Sunday, February 12, 2012

The Nuance of "Aura"

George Boornstein’s “How to read a page: modernism and material textuality” posits a thoughtful examination of Walter Benjamin’s concept of “aura” (6). In understanding Benjamin’s argument I found myself questioning the thinness of his position on reproduction and aura. His position seems to assume too much about the reader of an original text, or reproduction. The reader isn’t just seeing the bibliographic codes which may be unique to an original text—they are in effect interpreting the text for themselves, perhaps relating the many textual elements, including the bibliographic codes, linguistic codes, semiotic codes, etcetera to their own experiences and social “presence” in their unique place or presence in time (6).

I actually see the reproduction of texts—not as loosing or denigrating the aura of that text’s unique position in time and place—but as providing the conditions for a nuanced meaning of aura—which only reproduction may afford. Thus original texts through their reproduction and distribution are experienced pluralistically by many readers existing in their own unique presence in time. Here each reader interprets the text for his or herself—bringing new, and more varied meanings to the original text. Many of those readers will further employ concepts from reproduced texts in their own essays, poems, critiques, and reviews—thus rearticulating and sharing their thoughts and understandings of the reproduced text within the context of their unique presence in space and time.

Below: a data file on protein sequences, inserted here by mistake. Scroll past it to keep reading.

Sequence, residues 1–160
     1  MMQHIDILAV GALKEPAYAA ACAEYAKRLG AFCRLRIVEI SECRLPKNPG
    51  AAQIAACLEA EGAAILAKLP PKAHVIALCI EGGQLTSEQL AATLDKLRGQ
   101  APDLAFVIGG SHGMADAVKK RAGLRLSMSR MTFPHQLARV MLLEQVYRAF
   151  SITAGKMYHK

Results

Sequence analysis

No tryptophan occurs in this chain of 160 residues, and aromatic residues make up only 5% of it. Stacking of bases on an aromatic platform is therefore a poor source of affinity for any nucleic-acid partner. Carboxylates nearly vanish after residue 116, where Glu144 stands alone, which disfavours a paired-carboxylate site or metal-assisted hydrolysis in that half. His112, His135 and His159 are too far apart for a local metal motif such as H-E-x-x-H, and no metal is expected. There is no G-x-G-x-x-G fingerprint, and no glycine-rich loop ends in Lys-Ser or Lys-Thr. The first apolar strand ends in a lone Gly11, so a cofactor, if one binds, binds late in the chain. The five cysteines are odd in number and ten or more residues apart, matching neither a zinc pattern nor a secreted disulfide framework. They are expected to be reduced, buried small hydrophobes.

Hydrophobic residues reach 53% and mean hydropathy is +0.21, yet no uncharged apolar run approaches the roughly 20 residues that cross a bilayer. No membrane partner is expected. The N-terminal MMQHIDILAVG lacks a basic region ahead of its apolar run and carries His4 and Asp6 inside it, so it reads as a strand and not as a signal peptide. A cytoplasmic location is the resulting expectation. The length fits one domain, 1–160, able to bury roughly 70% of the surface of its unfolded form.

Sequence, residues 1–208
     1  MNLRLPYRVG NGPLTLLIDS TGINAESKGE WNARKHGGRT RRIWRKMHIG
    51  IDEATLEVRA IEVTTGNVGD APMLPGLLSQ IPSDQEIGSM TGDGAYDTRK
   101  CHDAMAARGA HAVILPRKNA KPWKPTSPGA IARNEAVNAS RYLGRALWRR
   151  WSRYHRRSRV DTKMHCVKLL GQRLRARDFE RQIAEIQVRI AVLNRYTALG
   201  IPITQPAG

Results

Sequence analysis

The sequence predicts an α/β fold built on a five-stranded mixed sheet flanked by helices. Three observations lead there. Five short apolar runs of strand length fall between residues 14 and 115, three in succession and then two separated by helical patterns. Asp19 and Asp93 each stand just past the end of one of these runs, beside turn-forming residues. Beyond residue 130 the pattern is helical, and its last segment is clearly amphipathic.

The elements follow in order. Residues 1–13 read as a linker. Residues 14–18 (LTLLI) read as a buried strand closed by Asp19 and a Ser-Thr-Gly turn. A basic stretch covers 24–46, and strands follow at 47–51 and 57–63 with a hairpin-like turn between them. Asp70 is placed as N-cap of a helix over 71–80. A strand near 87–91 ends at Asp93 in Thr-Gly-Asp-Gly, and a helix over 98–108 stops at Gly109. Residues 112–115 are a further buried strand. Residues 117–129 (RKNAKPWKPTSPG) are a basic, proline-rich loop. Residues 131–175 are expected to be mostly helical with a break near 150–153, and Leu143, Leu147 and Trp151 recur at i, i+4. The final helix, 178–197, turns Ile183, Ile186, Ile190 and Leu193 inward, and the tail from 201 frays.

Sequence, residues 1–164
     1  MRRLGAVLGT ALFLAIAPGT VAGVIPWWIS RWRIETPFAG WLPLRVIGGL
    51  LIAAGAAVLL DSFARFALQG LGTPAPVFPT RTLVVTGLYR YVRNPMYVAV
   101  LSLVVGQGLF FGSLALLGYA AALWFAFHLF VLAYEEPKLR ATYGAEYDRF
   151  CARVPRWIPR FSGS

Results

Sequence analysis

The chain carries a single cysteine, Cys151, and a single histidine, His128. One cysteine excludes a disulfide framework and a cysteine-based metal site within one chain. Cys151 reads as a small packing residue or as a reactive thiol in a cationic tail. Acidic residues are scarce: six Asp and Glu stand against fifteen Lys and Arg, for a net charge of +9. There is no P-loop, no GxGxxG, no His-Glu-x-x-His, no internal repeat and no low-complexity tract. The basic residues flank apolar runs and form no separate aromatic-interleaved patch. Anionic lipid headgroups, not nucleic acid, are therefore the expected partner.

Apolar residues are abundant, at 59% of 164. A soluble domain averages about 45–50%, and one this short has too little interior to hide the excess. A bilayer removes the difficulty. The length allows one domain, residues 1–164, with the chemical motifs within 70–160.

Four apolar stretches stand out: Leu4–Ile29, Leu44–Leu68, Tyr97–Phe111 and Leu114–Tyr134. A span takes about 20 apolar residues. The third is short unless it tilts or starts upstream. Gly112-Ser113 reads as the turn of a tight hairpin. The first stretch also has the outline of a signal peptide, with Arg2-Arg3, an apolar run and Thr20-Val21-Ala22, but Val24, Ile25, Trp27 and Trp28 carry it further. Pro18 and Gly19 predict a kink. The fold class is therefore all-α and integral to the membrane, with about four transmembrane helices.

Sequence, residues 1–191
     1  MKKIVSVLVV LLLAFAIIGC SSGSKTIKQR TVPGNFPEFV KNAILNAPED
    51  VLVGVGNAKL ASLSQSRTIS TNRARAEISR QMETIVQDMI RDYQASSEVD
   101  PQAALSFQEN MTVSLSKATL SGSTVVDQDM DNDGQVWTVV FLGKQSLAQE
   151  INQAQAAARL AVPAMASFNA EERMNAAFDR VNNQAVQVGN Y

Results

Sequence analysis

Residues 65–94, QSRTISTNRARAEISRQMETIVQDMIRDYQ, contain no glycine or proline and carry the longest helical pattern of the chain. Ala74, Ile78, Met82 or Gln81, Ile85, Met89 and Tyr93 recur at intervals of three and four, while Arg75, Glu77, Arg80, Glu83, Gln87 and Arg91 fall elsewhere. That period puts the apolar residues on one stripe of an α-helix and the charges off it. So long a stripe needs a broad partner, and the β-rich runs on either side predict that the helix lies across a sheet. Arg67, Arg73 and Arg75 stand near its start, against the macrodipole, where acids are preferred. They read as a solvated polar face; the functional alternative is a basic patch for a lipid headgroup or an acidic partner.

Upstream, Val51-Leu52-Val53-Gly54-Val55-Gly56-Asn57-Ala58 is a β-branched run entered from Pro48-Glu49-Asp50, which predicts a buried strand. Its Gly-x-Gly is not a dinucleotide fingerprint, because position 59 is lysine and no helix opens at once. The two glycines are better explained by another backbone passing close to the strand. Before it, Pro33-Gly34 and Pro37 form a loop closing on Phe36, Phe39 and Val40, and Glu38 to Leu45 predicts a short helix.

Although, reproduction does lose some of the unique aura of the original text—what it provides is arguably much more powerful. Reproduction affords the opportunity for a nuanced recreation of textual auras where readers engage actively with texts to rearticulate its essences (plural form) for themselves.


  1. I agree completely. I found Boorstein's apparent belief in the wholly objective value of art objects to be both incorrect and overly thought out. It's through dissemination and appreciation that art comes to be called immortal, not through the preservation of some original.

    I mean, considering that the Odyssey was originally spoken, and probably expanded and changed the more times it was told until it was eventually written, the case could be made that there IS no original, or rather too many varied originals of varied types (written and spoken).

    1. I love what Abram is saying about the lack of an actual original. I mean, what is the original - the first draft, the outline an author makes, the first edition? It's all open to interpretation.